Unfilled vacancy: Do we really have to say it? Apparently so, given the thousands of hits from websites, many of them government run. (Government, of course, being the source and champion of so much redundancy, perhaps there should be a Department of Redundancy Department.) If it's a "vacancy," it is "unfilled."

Many of these expressions are the equivalent of saying "I am a female woman" or telling students, "We will be measuring your performance statistics relative to those of your peers, and assigning the outcomes within the scoring parameters" instead of saying, "We will be grading you on a curve."

Save some bandwidth. Just cut it out.


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Merrill Perlman is adjunct assistant professor at the Columbia Graduate School of Journalism and president of Merrill Perlman Consulting, offering consulting and freelance editing services and training in journalism, grammar and usage. Among her clients are The New York Times, ProPublica and the Poynter Institute. She writes the "Language Corner" column and blog for Columbia Journalism Review. Merrill retired in June 2008 after 25 years at The New York Times, most recently as director of copy desks with responsibility for managing 150 copy editors. Click here to read more articles by Merrill Perlman.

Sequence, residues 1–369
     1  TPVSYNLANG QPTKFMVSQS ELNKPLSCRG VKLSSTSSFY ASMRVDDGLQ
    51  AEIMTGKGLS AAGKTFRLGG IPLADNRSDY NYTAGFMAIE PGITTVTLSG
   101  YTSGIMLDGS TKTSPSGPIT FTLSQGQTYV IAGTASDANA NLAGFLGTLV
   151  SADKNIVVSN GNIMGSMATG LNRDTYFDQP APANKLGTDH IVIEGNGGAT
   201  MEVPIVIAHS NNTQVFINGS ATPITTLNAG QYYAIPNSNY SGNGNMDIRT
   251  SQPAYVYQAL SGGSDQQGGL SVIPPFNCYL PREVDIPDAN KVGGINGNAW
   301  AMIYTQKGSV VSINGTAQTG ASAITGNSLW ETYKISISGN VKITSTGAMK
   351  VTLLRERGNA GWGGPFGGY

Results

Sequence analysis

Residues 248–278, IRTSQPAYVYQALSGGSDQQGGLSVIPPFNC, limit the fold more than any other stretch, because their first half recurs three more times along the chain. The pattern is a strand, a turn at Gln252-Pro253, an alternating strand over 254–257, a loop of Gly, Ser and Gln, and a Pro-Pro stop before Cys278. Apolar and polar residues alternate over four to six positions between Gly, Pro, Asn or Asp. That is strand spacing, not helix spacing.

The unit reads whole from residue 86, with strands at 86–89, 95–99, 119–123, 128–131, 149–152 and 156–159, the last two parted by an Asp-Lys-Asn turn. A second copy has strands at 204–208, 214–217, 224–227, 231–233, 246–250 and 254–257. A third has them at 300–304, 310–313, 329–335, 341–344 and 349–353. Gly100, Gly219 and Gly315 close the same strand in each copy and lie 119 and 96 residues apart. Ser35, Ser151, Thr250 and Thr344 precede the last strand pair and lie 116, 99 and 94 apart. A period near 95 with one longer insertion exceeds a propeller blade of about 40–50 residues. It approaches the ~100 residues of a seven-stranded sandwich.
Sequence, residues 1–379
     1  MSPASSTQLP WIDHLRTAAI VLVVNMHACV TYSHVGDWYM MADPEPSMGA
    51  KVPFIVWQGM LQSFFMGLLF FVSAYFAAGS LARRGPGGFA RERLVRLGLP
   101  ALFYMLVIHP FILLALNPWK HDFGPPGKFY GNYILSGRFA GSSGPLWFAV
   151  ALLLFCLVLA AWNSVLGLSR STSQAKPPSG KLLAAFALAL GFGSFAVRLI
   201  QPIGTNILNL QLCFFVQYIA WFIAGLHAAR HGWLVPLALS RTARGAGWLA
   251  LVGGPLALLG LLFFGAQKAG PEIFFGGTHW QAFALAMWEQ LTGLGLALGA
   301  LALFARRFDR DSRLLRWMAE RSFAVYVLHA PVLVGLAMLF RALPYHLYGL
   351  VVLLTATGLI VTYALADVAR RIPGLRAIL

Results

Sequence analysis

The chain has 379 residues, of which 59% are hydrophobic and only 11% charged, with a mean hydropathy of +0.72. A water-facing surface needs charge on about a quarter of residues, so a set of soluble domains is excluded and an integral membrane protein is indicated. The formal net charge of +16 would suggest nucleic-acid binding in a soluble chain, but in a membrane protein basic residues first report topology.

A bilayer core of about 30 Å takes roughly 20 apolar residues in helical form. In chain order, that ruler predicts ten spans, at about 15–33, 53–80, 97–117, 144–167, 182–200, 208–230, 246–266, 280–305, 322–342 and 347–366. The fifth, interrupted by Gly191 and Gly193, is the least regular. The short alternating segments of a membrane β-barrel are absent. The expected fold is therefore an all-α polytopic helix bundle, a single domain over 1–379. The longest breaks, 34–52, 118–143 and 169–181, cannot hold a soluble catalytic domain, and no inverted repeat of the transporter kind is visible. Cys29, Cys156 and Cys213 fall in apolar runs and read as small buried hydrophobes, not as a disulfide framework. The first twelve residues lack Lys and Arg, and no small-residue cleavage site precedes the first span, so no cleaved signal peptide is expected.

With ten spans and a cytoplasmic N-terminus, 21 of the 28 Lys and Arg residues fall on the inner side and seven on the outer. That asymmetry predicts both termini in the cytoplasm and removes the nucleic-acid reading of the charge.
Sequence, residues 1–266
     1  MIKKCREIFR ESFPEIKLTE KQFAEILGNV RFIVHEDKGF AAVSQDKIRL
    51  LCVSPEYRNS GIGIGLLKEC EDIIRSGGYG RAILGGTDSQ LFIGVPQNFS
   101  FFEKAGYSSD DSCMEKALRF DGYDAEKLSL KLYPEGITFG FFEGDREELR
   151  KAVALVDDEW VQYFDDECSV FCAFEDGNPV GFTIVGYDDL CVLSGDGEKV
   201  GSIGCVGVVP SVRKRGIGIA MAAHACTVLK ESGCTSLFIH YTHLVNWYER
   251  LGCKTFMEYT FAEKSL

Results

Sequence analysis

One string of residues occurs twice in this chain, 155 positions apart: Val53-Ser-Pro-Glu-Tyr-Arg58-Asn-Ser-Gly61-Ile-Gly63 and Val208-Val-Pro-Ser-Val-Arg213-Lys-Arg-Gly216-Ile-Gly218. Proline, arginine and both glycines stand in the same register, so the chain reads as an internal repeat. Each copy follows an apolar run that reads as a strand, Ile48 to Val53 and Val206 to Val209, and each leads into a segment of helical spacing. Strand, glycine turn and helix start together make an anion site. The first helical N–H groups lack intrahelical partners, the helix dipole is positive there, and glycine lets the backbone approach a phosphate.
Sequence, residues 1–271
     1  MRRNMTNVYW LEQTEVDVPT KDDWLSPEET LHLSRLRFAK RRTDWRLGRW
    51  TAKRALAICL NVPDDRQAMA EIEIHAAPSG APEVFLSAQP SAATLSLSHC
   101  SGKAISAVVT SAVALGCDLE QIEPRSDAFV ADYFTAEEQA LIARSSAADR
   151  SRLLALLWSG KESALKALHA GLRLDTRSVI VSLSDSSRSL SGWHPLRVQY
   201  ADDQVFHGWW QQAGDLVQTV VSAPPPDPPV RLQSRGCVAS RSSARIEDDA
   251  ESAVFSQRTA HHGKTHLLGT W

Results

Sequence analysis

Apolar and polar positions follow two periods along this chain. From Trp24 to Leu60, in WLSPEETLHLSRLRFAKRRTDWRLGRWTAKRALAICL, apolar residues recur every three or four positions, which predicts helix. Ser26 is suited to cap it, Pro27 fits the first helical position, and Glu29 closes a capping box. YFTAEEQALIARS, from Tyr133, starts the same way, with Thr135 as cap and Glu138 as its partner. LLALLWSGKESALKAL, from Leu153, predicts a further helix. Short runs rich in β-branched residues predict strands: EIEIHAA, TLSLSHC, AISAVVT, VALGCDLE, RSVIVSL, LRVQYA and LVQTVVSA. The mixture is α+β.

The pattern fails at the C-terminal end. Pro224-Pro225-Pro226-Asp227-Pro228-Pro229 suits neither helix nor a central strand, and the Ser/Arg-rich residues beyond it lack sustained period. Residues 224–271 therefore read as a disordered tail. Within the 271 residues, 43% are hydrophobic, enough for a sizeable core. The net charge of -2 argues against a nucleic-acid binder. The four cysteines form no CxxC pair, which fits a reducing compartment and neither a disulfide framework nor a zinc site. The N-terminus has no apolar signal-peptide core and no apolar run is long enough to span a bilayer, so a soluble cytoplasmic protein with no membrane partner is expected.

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Comments from our users:

Thursday May 3rd 2012, 8:06 AM
Comment by: begum F.Top 10 Commenter
Department of Redundancy!A new department I believe.
Thank you Ms. Merrill for assigning good job for the people worked in this department.
Some people just love verbosity by adding additional adjective to their writing or to their speech. Specially in politics the tendency is observed frequently. Business minded people also use the verbose style in order to convince their customers to buy their products.